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A Guide to LGBTQ+ Inclusion on Campus, Post-PULSE


Edited By Virginia Stead

The research in A Guide to LGBTQ+ Inclusion on Campus, Post-PULSE is premised on the notion that, because we cannot choose our sexual, racial, ethnic, cultural, political, geographic, economic, and chronological origins, with greater advantage comes greater responsibility to redistribute life’s resources in favor of those whose human rights are compromised and who lack the fundamental necessities of life. Among these basic rights are access to higher education and to positive campus experiences. Queer folk and LGBTQ+ allies have collaborated on this new text in response to the June 16, 2016 targeted murder of 49 innocent victims at the PULSE nightclub, Orlando, Florida. Seasoned and novice members of the academy will find professional empowerment from these authors as they explicitly discuss multiple level theory, policy, and strategies to support LGBTQ+ campus inclusion. Their work illuminates how good, bad, and indeterminate public legislation impacts LGBTQ+ communities everywhere, and it animates multiple layers of campus life, ranging from lessons within a three-year-old day care center to policy-making among senior administration. May the power of well-chosen words continue to deepen our understanding, clarify our communication, and empower us all as pro-LGBTQ+ campus activists.

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Chapter Fourteen: Increasing Gender and Identity Competency Among Student Affairs Professionals (Angela Clark-Taylor / Kaitlin Legg / Carissa Cardenas / Rachael Rehage)


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Increasing Gender AND Identity Competency Among Student Affairs Professionals



The ways in which higher education student affairs (HESA) degree programs prepare students to work with diverse students is a prevalent and important area of scholarship within higher education research (Herdlein, Riefler, & Mrowka, 2013). Although the 2015 professional competencies of the National Association of Student Personnel Administrators (NASPA) and the American College Personnel Association (ACPA) include sexual orientation and gender identity, there is little research (Flowers, 2003) on how to best prepare student affairs professionals to work with students who inhabit “minoritized identities of sexuality and gender” (MIoSG) (Vaccaro, Russell, & Koob, 2015). We use the MIoSG acronym because, as new gender and sexual identities continue to come to light, the LGBTQ acronym (lesbian, gay, bisexual, transgender, and questioning) excludes and normalizes groups of people in ways that are inauthentic to all gender and sexual identities. Furthermore, and in part because of this research gap, these competencies are not formally taught in HESA programs.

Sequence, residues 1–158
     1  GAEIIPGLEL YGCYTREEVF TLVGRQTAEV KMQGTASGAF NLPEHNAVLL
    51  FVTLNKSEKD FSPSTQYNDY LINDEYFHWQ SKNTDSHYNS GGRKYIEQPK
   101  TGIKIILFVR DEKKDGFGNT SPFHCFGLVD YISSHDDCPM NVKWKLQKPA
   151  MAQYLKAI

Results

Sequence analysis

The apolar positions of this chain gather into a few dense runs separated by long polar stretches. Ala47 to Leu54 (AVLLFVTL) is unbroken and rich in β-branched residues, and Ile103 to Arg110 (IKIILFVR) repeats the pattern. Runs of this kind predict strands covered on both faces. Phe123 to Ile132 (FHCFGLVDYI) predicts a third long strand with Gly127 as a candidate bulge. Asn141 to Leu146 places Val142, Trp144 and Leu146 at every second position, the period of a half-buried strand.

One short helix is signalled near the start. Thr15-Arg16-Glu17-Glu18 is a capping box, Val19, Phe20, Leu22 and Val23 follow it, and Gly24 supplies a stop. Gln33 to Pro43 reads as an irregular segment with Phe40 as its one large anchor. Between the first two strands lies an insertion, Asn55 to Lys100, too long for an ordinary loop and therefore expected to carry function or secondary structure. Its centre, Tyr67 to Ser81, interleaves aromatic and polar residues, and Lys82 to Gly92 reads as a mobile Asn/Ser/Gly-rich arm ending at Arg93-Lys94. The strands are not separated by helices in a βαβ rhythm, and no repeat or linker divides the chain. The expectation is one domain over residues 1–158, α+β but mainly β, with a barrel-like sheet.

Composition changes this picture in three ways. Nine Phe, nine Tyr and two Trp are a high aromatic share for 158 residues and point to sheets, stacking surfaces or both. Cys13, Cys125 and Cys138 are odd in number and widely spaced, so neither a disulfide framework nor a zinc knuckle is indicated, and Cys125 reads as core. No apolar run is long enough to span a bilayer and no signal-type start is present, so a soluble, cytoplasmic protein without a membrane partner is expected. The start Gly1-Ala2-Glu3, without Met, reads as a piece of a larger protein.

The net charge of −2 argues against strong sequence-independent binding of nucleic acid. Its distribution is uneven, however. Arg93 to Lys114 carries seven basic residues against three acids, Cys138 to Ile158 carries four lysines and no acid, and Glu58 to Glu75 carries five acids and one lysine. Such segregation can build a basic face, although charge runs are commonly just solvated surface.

With the rise of out students with MIoSG and the continued and escalating violence towards this community, it is increasingly important that HESA degree programs prepare future student affairs professionals to support students with MIoSG (Rivers, 2015). Colleges and universities are sites for transforming or transmitting cultural values and norms. We believe that an inclusive HESA graduate program understands...

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